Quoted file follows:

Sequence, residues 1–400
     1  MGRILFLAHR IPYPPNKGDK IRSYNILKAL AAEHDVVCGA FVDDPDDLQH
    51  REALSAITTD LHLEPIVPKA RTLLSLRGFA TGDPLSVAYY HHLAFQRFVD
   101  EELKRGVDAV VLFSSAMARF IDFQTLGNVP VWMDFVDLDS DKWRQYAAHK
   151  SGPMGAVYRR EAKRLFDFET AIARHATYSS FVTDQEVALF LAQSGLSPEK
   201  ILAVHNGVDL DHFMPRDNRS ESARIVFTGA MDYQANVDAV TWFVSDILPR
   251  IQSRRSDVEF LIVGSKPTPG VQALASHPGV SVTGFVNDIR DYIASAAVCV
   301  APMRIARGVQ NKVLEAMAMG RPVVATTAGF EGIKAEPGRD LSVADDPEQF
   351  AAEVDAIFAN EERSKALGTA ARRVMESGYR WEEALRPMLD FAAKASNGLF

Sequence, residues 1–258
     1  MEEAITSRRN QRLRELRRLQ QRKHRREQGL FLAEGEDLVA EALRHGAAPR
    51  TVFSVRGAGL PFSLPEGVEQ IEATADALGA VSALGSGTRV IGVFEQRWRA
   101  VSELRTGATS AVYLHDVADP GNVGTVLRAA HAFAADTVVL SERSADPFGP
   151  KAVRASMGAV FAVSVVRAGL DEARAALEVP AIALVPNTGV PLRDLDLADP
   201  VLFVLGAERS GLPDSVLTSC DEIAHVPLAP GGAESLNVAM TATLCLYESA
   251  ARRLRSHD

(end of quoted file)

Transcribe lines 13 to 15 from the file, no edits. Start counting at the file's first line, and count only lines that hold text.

   101  VSELRTGATS AVYLHDVADP GNVGTVLRAA HAFAADTVVL SERSADPFGP
   151  KAVRASMGAV FAVSVVRAGL DEARAALEVP AIALVPNTGV PLRDLDLADP
   201  VLFVLGAERS GLPDSVLTSC DEIAHVPLAP GGAESLNVAM TATLCLYESA